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The Southern Youth
by Julian Bond
(Communications Director, Student Nonviolent Coordinating
Originally published in Freedomways, Summer,
See Student Nonviolent
Coordinating Committee (SNCC) Founded for background & more
See also Student Nonviolent
Coordinating Committee (SNCC) for web links.
It was with great interest that I read Reader's Forum by Wilfred
Callender (Freedomways, Spring 1962). I was a little
distressed that there was no mention in his piece of the Student
Nonviolent Coordinating Committee, the organization I work for.
SNCC, or "snick" as Attorney Len Holt calls us in his article "A
Southern Lawyer Speaks of Freedom" (Freedomways, Spring 1962),
was founded at a conference of student sit-in leaders in Raleigh, North
Carolina, in April 1960. Called by SCLC, the gathering was a needed one,
for although the chief virtue of the student protest movement has been
its spontaneity, there was a need for communication between the
students, a need for an exchange of techniques, and a need for a
coordination of effort.
At Raleigh, a committee was formed with one representative from
each state. Marion Barry, then a student at Fisk University, was
elected chairman. We established a small office in Atlanta, hired
an executive secretary, and began the tedious business of trying
to coordinate a movement, inform others about the goals and aims
of the struggle, and to raise funds to provide scholarship aid
for students expelled from school.
By the early spring of 1961, however, it became clear that
something more was needed. Too many students had been interested
only in lunch counter integration; when this goal was reached,
their movements became dormant. Someone would have to breathe new
life into these areas, and someone would have to take the gospel
of the movement into areas where there had been no action.
Members of the Coordinating Committee volunteered. They were on
the Freedom Rides last summer. They were in McComb, Mississippi,
and helped to begin the first action movement in that state. They
began a voter registration drive in rural Mississippi counties,
and were shot at, beaten, and jailed. They were in Albany,
Georgia, as long ago as October 1961, and were there to go to
jail with 737 Albanites. They are still there, working in
Georgia's "terrible" Terrell County, registering voters in an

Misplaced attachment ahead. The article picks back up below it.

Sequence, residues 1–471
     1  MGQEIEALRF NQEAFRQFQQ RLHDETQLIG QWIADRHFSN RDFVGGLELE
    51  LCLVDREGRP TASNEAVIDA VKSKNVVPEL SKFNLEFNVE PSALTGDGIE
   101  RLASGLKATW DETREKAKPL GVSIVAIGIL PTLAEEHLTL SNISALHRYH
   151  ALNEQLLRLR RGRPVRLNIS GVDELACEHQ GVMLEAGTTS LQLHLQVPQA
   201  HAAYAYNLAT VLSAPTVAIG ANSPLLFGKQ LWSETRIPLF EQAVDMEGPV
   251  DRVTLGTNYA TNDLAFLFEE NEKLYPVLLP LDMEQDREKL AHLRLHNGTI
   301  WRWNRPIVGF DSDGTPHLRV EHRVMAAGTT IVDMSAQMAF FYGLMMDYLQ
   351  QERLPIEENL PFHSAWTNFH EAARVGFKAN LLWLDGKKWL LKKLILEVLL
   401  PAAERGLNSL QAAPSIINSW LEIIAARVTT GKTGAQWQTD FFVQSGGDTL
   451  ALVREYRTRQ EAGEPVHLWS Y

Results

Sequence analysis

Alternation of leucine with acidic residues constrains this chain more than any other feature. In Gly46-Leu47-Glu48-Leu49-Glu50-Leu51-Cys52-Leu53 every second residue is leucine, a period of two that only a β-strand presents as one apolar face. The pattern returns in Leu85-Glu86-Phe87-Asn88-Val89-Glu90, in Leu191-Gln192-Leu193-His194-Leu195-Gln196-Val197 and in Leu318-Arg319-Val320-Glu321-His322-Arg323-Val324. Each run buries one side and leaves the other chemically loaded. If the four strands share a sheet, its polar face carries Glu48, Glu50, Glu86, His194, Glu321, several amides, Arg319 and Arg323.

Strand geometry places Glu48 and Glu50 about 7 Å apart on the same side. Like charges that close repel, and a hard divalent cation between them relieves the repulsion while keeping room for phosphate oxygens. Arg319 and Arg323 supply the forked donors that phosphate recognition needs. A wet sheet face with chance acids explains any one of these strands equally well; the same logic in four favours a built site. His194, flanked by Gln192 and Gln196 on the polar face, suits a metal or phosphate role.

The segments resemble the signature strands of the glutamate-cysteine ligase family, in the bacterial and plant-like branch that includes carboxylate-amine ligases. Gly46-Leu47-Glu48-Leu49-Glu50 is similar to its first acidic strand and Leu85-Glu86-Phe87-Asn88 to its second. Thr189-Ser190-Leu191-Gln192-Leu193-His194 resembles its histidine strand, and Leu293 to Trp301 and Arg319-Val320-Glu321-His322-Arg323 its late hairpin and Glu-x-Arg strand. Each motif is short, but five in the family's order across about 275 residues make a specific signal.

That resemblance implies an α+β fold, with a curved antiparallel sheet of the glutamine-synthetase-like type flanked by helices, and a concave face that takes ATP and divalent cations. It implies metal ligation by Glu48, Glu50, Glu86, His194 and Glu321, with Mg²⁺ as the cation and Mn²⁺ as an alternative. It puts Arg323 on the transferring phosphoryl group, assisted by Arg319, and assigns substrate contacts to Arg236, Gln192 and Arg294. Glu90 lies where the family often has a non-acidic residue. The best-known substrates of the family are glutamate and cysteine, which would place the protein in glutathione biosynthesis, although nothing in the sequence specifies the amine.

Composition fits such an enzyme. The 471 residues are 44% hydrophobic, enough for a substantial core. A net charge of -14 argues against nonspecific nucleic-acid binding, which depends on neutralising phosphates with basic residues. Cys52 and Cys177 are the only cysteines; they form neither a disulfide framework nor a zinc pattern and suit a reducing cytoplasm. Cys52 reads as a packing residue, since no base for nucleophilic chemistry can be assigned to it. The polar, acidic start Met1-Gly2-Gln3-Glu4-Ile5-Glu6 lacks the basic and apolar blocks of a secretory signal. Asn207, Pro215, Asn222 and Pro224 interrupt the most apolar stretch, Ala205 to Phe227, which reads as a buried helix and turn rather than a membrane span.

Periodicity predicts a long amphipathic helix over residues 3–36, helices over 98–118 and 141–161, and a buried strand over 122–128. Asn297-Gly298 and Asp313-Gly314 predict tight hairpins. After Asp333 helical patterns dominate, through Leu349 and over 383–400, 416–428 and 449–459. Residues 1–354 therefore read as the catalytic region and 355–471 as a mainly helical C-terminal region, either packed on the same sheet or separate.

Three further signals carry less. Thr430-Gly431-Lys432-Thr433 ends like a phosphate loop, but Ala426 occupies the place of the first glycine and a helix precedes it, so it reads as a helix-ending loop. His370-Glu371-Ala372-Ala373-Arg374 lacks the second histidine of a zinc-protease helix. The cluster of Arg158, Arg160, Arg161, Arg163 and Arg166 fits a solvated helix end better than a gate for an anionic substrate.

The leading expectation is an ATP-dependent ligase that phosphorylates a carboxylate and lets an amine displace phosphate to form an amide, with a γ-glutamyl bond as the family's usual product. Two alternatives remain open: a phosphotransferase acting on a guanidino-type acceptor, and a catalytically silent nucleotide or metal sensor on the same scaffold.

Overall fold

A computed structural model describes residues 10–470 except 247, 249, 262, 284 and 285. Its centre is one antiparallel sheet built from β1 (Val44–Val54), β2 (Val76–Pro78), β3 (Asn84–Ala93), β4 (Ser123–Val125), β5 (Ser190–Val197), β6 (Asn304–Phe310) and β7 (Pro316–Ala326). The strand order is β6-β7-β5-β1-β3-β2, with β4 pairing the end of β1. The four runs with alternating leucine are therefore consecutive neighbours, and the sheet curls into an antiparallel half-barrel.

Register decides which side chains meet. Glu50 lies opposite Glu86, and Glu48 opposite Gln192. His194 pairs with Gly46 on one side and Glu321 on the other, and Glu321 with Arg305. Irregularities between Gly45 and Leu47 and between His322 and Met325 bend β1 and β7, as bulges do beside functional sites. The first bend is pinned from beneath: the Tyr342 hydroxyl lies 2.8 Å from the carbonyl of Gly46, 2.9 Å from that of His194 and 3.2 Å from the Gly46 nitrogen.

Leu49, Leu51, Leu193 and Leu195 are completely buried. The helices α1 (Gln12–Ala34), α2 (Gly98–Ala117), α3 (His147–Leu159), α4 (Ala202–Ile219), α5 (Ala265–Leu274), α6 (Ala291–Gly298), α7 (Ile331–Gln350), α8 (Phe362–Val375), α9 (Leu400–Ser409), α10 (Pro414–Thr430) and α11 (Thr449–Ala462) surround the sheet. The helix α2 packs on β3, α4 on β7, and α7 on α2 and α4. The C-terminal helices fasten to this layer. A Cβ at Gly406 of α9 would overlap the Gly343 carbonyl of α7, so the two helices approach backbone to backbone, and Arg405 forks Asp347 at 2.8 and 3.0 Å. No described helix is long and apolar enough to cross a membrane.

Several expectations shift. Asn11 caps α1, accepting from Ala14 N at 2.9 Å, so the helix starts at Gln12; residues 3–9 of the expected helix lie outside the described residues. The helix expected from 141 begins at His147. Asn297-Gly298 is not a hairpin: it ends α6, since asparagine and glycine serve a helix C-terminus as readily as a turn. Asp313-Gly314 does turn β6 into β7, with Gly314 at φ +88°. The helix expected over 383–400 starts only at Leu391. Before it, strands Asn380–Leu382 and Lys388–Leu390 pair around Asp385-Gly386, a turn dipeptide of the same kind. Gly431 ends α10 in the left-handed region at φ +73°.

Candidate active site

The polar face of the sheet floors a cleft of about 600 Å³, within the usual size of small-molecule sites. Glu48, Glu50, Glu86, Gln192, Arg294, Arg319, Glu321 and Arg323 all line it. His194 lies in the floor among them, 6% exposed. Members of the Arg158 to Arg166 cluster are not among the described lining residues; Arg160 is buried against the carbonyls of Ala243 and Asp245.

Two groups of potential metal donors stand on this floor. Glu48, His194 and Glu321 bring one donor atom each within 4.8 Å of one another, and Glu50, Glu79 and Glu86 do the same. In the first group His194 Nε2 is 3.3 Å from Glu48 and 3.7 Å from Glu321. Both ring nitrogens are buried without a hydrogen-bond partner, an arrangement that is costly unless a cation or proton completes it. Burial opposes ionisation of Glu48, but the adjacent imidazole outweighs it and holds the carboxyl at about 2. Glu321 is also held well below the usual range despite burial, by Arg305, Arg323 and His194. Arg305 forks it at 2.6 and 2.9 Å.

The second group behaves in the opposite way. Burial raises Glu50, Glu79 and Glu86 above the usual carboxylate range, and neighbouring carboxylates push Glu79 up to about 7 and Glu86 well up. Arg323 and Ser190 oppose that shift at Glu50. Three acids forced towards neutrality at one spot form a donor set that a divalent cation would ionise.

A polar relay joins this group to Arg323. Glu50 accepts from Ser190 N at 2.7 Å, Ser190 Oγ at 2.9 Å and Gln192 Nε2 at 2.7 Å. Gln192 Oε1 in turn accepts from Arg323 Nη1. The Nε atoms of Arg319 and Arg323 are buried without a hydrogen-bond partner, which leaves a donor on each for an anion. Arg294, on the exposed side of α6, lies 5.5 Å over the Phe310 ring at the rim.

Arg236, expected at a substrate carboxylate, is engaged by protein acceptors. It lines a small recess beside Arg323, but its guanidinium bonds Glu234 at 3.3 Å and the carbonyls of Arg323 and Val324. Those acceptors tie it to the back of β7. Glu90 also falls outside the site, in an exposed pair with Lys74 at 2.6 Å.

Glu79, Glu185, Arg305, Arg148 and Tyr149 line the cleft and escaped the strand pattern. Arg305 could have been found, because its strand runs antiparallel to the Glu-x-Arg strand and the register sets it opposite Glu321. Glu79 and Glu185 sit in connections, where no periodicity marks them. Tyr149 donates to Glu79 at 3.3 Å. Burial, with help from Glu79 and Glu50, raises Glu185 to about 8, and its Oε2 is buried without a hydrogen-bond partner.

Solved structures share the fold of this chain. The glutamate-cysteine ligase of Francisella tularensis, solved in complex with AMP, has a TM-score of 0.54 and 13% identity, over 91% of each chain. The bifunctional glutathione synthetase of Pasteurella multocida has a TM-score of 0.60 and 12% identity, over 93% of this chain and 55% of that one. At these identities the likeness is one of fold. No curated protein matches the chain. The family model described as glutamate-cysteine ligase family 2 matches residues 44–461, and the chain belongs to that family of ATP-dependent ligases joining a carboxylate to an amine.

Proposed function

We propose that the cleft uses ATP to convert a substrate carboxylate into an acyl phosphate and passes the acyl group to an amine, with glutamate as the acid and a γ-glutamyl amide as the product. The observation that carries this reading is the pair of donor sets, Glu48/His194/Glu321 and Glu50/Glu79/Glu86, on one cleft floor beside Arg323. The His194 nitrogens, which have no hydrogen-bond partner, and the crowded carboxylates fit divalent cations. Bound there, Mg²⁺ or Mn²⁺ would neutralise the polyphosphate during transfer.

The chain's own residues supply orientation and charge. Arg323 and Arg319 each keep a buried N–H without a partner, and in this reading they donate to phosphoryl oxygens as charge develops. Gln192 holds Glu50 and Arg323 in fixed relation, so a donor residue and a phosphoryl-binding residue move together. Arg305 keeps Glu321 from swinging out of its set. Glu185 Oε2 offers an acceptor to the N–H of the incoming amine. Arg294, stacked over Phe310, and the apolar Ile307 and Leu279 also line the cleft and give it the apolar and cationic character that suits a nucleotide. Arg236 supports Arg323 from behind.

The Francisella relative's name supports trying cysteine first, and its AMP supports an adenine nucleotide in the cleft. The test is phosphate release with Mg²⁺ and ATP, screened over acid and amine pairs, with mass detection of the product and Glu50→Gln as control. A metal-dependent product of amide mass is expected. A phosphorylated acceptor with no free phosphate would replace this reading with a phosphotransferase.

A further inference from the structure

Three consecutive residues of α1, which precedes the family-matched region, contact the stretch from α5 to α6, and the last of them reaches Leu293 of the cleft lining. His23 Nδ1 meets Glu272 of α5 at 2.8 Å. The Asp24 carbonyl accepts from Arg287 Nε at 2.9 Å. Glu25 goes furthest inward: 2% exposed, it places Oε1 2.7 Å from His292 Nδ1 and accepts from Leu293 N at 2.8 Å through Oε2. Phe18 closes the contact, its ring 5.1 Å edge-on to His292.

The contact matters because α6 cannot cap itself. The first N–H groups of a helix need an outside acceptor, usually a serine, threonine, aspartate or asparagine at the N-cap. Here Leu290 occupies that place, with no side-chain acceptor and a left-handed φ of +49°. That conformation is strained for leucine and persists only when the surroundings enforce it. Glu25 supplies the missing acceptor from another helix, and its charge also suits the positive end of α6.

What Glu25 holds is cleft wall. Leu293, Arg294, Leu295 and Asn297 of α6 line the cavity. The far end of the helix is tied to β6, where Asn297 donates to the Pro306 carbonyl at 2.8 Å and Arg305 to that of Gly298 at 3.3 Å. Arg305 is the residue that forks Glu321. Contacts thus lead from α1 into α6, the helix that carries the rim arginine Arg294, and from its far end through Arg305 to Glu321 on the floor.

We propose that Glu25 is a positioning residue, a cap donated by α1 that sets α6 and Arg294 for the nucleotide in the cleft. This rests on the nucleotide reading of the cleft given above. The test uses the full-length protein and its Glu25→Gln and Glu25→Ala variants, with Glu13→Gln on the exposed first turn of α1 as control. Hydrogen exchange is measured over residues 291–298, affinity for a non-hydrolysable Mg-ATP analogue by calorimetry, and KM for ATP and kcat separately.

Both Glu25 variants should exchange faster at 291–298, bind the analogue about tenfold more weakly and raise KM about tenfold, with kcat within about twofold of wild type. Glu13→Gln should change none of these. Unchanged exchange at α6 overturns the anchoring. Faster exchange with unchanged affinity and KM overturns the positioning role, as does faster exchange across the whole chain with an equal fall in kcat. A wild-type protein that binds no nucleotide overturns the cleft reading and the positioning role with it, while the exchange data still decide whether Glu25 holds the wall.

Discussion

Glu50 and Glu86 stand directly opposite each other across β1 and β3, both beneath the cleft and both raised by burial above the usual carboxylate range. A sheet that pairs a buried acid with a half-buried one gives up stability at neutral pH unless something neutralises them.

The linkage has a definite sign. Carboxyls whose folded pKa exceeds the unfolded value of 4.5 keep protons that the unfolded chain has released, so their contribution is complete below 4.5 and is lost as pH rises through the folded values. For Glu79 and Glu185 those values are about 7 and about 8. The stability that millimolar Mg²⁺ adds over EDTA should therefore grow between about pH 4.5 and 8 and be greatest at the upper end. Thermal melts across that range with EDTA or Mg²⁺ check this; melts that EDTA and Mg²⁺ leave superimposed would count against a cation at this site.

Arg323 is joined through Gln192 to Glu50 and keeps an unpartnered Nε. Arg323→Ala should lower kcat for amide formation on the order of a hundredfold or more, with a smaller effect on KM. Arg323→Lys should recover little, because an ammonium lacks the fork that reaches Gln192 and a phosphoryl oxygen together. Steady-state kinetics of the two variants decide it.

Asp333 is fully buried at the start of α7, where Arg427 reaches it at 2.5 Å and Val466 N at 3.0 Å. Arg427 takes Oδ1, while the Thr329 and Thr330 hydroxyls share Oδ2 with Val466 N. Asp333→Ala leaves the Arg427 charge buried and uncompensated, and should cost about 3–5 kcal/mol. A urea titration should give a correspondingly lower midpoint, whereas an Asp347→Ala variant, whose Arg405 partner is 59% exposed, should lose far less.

area where 6 new Negro names on the voter's list is a victory.
They were in Talladega, Alabama, when 200 students were beaten
two blocks through the city by state troopers. They were in
Huntsville and Tuscaloosa, and they will be in other small towns
as well. They were in Baton Rouge, Louisiana, when Southern
University was closed down, and they suffered for their presence there.
Three SNCC staffers — two Negroes, one
white — were arrested there for "criminal anarchy." One
spent 59 days in jail.
These young people — 20 in all — three
white, are sitting in, registering voters, and giving instructions in
the all-important "how" in small towns and back counties all over the
South. When workers for most civil rights organizations receive salaries
which equal the dangerous work they do, these youngsters receive only
what we laughingly call "subsistence" pay. Three staff members, who are
married, receive $60 a week. Thirteen others get $40 a week. Four are
working full time in Mississippi for only $20 a week. Our office is
located on Atlanta's Auburn Avenue, and has been given us rent-free. We
exist on contributions from "interested friends."
I think it is a grave mistake for Callendar to say that "by their
very nature the sit-ins could not have the benefit of
coordination." This past weekend we have had a meeting, in
Atlanta, of 45 student leaders who represent their local protest
groups in 6 Southern states. These students make up SNCC's
Coordinating Committee, and they are able to coordinate the
activities of student groups in their areas. In April of this
year we held a conference in Atlanta, and over 300 students
attended. We discussed the value of jail versus bail, got legal
advice from talented lawyers, made plans for coordinated efforts
against segregation, and pledged to send representatives to SNCC
Coordinating Committee meetings.
We issue a monthly newsletter, the Student Voice, which gives
news of student activity in the South. It is available to your
readers for the asking, by writing to our office, 135 Auburn
Avenue, Atlanta, Georgia.
SNCC is an independent organization. We work with local citizens
and groups in an attempt to initiate direct action and voter
registration programs. SNCC does not speak for the movement, for
no one does, and no one can. But SNCC is working in the South in
areas no other civil rights group has ever been to, with farmers,
domestics, laborers, and people who really want to be free.
Copyright © Julian Bond, 1962.